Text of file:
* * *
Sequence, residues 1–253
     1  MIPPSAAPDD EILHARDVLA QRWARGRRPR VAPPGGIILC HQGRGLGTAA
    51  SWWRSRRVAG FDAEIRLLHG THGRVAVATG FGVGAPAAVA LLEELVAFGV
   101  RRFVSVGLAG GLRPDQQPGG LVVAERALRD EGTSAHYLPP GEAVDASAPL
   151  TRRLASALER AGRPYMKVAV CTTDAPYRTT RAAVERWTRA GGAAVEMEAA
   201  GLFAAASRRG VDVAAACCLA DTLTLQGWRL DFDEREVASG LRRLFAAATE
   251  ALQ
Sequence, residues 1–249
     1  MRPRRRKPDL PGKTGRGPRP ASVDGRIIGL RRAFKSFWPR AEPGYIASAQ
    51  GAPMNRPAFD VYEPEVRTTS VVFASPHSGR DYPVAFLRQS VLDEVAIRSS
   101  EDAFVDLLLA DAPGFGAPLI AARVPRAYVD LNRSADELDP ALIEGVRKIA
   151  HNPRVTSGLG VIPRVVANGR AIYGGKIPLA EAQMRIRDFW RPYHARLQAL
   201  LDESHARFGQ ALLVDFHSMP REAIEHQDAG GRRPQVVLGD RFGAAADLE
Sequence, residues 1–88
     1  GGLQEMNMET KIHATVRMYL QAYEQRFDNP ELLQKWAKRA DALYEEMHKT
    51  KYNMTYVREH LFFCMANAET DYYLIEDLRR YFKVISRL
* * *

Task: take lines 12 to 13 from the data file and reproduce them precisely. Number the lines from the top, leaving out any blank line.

   151  HNPRVTSGLG VIPRVVANGR AIYGGKIPLA EAQMRIRDFW RPYHARLQAL
   201  LDESHARFGQ ALLVDFHSMP REAIEHQDAG GRRPQVVLGD RFGAAADLE